This is silly on multiple levels. First of all, by his own numbers, Google (who uses “Don’t be evil”) had the least number of “bad” sites in the results according to Turow. I did the same search and actually found only a couple sites that possibly were infringing. Instead, I did see links to the Authors Guild, to Amazon, to Turow’s Wikipedia page… and to an old Techdirt article about Turow’s cluelessness. That said, you could argue that if Google is “being evil” here it’s actually by not giving its users what they’re looking for — which is clearly “free e-books.” If people were actually doing this search (and we’ve already shown they’re not) then perhaps it really just meant that Turow should be offering his own damn free ebooks, since that’s what people are looking for. Why not offer an early work as a free download to get people interested in his books? Hell if he’s really worried about it, offer up the first five chapters of a book. I’ve read a few of his books, and they can really grab you. Let people read the first few chapters for free and I’d bet lots of people would pay a reasonable price for the full book.

Instead of understanding any of this, Turow falsely attacks search engines on multiple levels. First, he suggests they’re at fault because people are looking for free ebooks (even if they’re not actually doing so for his own books). He assumes that because he did that search, others must. Second, when those search engines actually try to deliver what these theoretical people want (despite the fact that Turow himself has failed to do so) he complains about it. Finally, he falsely suggests that the search engines are making money doing so. They’re not. Search engines make money if people click on ads. If someone sees a free ebook and clicks on an organic link, the search engine isn’t making any money. I recognize that Turow hates technology, but that’s no excuse for being blatantly ignorant about it when spewing misrepresentations in the NY Times.

From there, he attacks Google’s book scanning project.


Google says this is a “fair use” of the works, an exception to copyright, because it shows only snippets of the books in response to each search. Of course, over the course of thousands of searches, Google is using the whole book and selling ads each time, while sharing none of the revenue with the author or publisher.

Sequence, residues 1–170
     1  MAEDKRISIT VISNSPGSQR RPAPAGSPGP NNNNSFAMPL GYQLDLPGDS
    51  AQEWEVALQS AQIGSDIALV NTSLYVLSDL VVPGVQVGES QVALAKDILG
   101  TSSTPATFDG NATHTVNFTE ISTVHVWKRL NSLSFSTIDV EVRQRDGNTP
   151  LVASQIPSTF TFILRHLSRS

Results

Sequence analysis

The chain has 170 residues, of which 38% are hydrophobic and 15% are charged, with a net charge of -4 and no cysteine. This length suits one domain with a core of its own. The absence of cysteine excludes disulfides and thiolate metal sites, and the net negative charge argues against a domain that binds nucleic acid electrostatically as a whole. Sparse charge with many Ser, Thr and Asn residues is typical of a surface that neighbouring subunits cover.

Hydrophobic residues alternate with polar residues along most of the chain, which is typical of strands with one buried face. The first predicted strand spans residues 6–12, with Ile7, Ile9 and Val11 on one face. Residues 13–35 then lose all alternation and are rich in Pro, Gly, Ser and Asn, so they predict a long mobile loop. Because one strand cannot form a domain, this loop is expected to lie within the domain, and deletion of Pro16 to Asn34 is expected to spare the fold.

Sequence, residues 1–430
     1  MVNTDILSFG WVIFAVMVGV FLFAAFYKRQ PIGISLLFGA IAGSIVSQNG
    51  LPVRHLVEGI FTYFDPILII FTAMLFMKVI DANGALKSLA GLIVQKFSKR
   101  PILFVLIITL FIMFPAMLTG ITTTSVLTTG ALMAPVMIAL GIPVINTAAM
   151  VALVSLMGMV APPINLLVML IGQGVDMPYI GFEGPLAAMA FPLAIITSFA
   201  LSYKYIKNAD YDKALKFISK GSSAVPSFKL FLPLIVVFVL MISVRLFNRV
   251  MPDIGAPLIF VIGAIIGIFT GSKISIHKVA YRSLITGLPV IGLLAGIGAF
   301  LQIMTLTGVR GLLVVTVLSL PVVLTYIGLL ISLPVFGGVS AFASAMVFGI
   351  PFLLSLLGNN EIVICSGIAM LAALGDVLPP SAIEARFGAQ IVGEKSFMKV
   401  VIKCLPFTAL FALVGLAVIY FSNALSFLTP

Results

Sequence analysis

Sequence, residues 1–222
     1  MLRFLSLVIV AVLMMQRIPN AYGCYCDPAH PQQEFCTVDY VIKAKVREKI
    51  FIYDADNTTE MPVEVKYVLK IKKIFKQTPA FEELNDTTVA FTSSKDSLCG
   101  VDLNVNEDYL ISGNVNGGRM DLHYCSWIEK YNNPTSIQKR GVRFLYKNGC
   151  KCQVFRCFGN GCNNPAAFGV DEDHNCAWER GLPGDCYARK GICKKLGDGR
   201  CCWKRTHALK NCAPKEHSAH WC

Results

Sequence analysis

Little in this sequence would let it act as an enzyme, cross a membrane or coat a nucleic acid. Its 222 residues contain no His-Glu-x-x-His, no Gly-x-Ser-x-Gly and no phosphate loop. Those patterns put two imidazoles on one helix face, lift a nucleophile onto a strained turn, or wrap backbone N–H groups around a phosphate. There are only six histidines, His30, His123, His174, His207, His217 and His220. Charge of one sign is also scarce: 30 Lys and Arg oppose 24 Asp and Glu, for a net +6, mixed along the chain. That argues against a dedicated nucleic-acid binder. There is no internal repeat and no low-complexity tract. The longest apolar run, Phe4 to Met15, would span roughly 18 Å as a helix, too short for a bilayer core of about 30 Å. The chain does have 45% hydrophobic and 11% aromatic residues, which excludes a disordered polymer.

The second sentence has nothing to do with the first sentence. It is fair use because they’re only showing snippets at a time, and most of those searches lead people to places where they can buy the books. I just did a search on Google Books for “Scott Turow” and the top links is to an Amazon page listing out all of Turow’s books for sale. You’d think he’d appreciate such things. But, then, he’d have to not be a technologically illiterate Luddite.

All of this also ignores that Google’s book scanning is really just about creating a rather useful card catalog for books, making them easier to find. Over and over again, people who have actually looked at the issue (i.e., not Scott Turow) have found that Google books increases sales of books. Considering he was just complaining about authors not getting any money, you’d think this would be a good thing.

He drones on about Google scanning books for a while, and then… attacks libraries for wanting to lend out ebooks, insisting that if they can do that, no one will ever buy a book again.


Now many public libraries want to lend e-books, not simply to patrons who come in to download, but to anybody with a reading device, a library card and an Internet connection. In this new reality, the only incentive to buy, rather than borrow, an e-book is the fact that the lent copy vanishes after a couple of weeks. As a result, many publishers currently refuse to sell e-books to public libraries.